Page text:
Power point from poverty to potential


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  • The “changing times” in the United States include a steep rise in the rate of poverty. The same holds true in many other nations. Schools are experiencing large increases in students raised in poverty, students whose assessment scores are analyzed as a unique group or ‘sub cell.” When test scores are low among poorer students, they may be blamed for undermining the school’s reputation. Just as foolishly, these students may be excused for their lack of achievement by well intentioned teachers who offer them pity and low expectations rather than hope and encouragement. But poverty statistics and assessment numbers are only DATA. Data is NOT destiny. ITP requires us to seek the untapped potential in low income students and their families. There is no room for blame, excuses, or low expectations. Our mission is to provide care, respect, trust, optimism and intentionality to break the grip of poverty.In this session we will first examine the effects of poverty on students.Then we will show how the 5 Elements of Invitational Theory and Practice counteract those effects.
  • By American standards, a child is born into poverty every two minutes. That’s 2,573 babies every day. One in three poor people in the US is a chld, totalling 16.4 million children. (ASCD The Whole Child Newsletter May 2013)
  • Family structures (matriarchial), interpersonal relationships, time orientation, value systems, spending patterns and sense of community
  • Financial: money to buy goods and servicesEmotional: Able to control emotions without self destructive behaviors. Linked to stamina, perseverance and resilience.Mental: Has mental skills and abilities needed for everyday life (reading, computing, writing)Spiritual: Believes in a divine purpose and divine guidancePhysical: Healthy and mobileSuppport Systems: Has friends and family to access as backup in times of needRole models: Access to adults who are appropriate and nurturing who do not engage in self-destructive behaviorKnowledge of Hidden Rules: Knowing the unspoken cues and habits of a group.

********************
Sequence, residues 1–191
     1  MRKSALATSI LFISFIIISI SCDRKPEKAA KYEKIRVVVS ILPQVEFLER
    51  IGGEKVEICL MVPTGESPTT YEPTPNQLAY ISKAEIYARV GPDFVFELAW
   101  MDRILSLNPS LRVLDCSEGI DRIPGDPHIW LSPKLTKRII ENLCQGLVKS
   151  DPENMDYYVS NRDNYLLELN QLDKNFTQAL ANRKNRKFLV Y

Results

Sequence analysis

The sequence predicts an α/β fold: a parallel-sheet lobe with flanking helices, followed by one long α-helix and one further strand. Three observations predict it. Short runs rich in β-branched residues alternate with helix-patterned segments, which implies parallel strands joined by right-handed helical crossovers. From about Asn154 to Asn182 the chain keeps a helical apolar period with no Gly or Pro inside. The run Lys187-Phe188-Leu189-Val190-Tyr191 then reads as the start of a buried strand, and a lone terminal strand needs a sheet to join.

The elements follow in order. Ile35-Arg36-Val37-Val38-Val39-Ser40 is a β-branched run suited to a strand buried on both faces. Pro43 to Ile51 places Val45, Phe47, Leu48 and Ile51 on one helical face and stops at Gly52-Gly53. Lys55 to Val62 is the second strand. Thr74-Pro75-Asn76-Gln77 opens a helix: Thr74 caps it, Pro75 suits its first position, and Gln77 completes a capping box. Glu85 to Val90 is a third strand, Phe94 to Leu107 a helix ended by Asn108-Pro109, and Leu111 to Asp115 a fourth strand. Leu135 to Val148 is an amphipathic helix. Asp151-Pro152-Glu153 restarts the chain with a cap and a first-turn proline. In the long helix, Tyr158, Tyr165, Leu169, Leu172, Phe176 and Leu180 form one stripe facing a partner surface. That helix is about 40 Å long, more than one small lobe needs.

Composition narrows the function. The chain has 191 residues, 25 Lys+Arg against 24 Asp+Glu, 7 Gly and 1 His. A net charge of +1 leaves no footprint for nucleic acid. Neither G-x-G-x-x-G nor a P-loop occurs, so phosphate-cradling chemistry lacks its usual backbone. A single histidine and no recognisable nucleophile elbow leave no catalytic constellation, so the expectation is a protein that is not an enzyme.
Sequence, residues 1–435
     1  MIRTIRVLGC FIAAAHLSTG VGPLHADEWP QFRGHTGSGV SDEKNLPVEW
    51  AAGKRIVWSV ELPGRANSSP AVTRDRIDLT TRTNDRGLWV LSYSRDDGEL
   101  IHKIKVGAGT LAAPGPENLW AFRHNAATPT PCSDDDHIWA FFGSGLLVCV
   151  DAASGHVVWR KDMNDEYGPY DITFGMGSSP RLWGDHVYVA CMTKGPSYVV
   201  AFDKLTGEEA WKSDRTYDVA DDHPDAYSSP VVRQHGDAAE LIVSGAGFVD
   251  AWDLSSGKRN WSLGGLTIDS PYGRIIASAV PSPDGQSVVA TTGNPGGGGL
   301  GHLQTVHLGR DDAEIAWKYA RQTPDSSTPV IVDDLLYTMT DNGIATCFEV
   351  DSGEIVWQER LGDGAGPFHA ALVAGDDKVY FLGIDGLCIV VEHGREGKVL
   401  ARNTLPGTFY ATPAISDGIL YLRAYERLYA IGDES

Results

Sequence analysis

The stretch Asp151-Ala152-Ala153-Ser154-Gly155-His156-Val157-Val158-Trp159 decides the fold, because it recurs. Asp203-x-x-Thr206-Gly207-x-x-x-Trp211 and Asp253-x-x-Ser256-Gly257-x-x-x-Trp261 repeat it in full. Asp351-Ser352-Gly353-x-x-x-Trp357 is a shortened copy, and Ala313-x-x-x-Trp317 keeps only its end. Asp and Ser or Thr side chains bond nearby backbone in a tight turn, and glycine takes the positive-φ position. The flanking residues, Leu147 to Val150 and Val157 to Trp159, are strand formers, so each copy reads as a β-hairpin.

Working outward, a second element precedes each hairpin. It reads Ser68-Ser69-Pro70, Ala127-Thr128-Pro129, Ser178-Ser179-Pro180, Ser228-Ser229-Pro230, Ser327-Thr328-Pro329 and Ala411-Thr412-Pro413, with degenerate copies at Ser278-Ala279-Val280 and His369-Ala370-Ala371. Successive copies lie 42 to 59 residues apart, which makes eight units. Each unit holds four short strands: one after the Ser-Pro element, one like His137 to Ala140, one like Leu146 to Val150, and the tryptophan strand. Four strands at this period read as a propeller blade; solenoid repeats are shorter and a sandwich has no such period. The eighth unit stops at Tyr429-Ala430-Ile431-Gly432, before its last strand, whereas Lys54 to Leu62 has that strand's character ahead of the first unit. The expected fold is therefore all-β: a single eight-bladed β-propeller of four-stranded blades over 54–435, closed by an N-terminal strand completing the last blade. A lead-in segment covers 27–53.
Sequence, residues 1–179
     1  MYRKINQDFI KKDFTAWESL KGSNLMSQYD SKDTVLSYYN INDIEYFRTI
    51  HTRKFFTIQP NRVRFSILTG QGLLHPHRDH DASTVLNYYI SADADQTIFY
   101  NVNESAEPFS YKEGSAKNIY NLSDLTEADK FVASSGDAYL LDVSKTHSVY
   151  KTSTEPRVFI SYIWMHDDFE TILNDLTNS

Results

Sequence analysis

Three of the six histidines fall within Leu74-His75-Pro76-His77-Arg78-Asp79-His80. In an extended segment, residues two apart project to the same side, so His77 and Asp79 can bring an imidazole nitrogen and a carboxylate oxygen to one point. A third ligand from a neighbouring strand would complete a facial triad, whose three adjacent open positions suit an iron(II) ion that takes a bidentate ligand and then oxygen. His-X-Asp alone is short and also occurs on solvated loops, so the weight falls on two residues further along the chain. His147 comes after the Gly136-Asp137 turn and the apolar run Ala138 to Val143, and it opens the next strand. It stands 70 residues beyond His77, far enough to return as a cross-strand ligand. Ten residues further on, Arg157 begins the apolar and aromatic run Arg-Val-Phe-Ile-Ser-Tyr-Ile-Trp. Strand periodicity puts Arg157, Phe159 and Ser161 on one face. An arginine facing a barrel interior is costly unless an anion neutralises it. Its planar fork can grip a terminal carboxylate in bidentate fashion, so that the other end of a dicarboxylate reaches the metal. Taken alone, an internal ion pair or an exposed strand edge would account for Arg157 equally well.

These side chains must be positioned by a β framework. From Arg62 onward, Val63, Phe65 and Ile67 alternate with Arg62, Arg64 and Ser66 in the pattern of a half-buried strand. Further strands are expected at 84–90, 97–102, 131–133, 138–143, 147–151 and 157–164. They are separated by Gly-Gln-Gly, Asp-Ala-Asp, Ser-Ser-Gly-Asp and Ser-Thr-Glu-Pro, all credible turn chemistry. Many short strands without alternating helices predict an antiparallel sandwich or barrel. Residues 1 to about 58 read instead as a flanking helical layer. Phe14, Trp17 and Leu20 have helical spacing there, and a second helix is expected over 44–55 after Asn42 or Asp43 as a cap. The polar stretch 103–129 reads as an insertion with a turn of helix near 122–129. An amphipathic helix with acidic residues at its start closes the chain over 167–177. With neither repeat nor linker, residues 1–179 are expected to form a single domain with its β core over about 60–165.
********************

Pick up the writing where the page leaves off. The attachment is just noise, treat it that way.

• Poverty is the extent to which an individual lacks resources. Typically, poverty is thought of only in terms of financial resources. But resources can also be Emotional (stamina, control, resilience), Mental (abilities like reading and math), Spiritual (belief in divine guidance), Physical (health), Support Systems (friends and family to access in times of need), Relationships/Role Models (“No significant learning occurs without a significant relationship” Dr. James Comer), Knowledge of Hidden Rules (unspoken cues and habits.)In situational poverty, people are likely to refuse ‘charity’ due to pride. They often have lots of other resources besides money. People in generational poverty tend to believe that society owes them a living..
  • The body easily adapts to short term stress (I have a test), but chronic and acute stress are more challenging. They can result in a carryover effect where the brain doesn’t moderate the stress reactions even when stressful situations decrease. It takes the brain about half an hour to recover from stress. Blood is rerouted to the brain stem for “fight or flight” and must be returned to the prefrontal cortex for full function, a process that takes about 30 minutes.
  • ACUTE: Abuse is a major stressor of children raised in poverty. Caregivers who are stressed about bills, housing and food are more likely to be grumpy and less likely to talk positively to their children. Caregivers’ disciplinary strategies grow harsher as income decreases. Poor children experience more physical neglect and sexual abuse. They often life in neighborhoods where violence and crime is more common.CHRONIC: In any given year poor more than 50% of low SES children deal with evictions.
  • Stressed brain neurons generate weaker signals, process less blood and oxygen, and develop fewer connections to other cells.
  • It is a response to their life conditions and begins as early as first grade. Adults have often failed them at home. Kids may assume adults at school will fail them too. Classroom misbehavior is likely because many kids don’t have the stability at home to learn the social-emotional responses needed for school. Students may be more impulsive, use inappropriate language and act disrespectul, until they are taught more appropriate responses.